Pneumatosis cystoides coli
Long-standing, vague abdominal pain for several months.
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A multilobulated broad-based polypoid lesion was found at the splenic flexure. On the two-dimensional images the lesion demonstrates a rather ‘foamy’ appearance caused by multiple air-containing lobules.
Patient presented with a history of vague abdominal pain for several months. Physical examination and laboratory tests were negative. Routine ultrasound examination showed no relevant abnormalities. The patient was not reassured and optical colonoscopy was performed to exclude colonic pathology. A polyp-like lesion with intact overlying mucosa was seen and interpreted as an external lesion; therefore no biopsy was taken. Consecutively a CT colonography was performed.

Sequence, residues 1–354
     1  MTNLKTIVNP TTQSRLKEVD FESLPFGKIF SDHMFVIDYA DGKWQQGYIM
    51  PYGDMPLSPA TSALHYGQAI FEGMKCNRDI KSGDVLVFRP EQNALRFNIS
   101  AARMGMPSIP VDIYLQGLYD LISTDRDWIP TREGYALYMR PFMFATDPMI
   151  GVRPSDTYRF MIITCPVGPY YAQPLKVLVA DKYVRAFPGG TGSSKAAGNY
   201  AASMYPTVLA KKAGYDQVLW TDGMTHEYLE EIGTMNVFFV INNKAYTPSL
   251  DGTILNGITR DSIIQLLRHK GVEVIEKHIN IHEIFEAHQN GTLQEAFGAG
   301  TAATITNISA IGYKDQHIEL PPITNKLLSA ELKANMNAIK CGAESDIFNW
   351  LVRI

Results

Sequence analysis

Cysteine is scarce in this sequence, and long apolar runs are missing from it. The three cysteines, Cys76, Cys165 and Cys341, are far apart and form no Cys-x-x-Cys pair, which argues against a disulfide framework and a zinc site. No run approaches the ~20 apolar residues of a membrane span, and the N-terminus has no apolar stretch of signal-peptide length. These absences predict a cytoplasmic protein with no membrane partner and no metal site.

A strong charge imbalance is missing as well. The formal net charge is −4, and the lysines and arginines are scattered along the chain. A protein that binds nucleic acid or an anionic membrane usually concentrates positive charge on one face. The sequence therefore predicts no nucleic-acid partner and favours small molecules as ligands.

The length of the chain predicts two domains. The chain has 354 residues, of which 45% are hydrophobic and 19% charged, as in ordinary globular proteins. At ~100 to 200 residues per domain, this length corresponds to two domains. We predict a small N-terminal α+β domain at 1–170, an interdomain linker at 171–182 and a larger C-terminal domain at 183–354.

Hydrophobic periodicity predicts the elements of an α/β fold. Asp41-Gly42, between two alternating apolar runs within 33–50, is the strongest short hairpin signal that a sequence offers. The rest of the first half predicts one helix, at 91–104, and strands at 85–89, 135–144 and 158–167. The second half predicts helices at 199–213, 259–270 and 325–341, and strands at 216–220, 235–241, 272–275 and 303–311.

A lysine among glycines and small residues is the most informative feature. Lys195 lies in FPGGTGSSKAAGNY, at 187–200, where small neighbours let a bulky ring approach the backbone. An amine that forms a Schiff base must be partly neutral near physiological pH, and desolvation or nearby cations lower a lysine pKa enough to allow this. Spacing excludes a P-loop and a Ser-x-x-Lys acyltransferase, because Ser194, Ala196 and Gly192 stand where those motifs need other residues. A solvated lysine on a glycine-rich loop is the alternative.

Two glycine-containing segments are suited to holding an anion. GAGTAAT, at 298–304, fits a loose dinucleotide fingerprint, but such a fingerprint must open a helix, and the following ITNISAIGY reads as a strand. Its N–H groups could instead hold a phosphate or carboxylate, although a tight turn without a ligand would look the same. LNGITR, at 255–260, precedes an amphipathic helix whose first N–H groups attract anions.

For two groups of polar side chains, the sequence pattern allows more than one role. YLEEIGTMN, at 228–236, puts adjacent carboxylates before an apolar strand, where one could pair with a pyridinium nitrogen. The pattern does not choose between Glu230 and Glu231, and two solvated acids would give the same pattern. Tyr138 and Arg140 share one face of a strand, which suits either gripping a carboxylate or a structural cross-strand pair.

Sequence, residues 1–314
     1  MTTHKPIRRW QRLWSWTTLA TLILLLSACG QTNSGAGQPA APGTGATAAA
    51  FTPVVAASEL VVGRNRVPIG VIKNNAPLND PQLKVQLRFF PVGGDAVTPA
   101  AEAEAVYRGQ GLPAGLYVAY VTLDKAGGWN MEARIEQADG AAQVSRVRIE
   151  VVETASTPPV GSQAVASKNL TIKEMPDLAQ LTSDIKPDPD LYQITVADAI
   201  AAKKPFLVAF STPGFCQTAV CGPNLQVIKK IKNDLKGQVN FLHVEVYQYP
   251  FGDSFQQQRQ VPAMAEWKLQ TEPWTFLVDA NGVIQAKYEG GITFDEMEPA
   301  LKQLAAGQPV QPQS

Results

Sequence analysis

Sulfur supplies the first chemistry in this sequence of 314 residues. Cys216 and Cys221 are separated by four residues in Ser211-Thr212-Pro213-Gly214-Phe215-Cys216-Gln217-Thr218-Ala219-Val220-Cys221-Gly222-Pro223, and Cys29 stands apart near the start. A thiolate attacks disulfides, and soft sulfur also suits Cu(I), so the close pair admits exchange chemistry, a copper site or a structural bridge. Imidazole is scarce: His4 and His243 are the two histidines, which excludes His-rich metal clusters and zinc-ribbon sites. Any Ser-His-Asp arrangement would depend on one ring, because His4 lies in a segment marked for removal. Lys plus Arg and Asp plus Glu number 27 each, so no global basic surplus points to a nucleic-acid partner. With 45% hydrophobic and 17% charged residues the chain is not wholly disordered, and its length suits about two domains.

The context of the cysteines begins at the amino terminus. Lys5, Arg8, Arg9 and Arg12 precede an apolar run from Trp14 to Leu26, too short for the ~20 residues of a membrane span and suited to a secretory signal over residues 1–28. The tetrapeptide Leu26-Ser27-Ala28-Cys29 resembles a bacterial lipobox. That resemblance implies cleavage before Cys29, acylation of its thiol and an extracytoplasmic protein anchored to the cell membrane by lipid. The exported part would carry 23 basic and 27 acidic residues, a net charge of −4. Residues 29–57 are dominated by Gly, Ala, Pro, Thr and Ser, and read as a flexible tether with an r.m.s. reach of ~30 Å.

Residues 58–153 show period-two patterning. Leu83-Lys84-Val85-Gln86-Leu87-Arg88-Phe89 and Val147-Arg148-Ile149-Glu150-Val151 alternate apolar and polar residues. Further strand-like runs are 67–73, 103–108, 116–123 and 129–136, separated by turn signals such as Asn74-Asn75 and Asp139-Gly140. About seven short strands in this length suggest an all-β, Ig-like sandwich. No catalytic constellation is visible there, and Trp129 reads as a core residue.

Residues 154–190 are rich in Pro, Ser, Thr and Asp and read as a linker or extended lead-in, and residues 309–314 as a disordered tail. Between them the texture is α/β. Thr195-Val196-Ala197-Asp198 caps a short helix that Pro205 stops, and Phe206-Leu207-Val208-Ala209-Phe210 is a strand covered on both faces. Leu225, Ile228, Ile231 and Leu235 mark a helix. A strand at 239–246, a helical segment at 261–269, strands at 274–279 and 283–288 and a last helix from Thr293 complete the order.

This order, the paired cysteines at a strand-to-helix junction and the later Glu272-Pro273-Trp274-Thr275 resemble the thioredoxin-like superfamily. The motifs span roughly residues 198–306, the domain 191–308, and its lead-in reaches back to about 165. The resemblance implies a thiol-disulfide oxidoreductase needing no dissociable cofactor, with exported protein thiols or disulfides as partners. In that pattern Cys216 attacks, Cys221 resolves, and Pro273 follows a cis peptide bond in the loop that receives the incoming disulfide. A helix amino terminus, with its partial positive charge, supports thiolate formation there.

Pneumatosis cystoides coli (PCC) is a rare condition defined as an abnormal location of gas within the colonic wall and regarded as the colonic variant of pneumatosis cystoides intestinalis. It typically presents with multiple gas-filled cysts in the submucosa and/or subserosa of the colon. The size of the cysts may range from a few millimeters to several centimeters.
With CT it is possible to exclude other conditions such as pneumoperitoneum or gas in the portal venous system. CT colonography is the modality of choice in diagnosing PCC, allowing the exact location and configuration of the abnormalities to be described.
With acknowledgements to Dr. G. van der Horn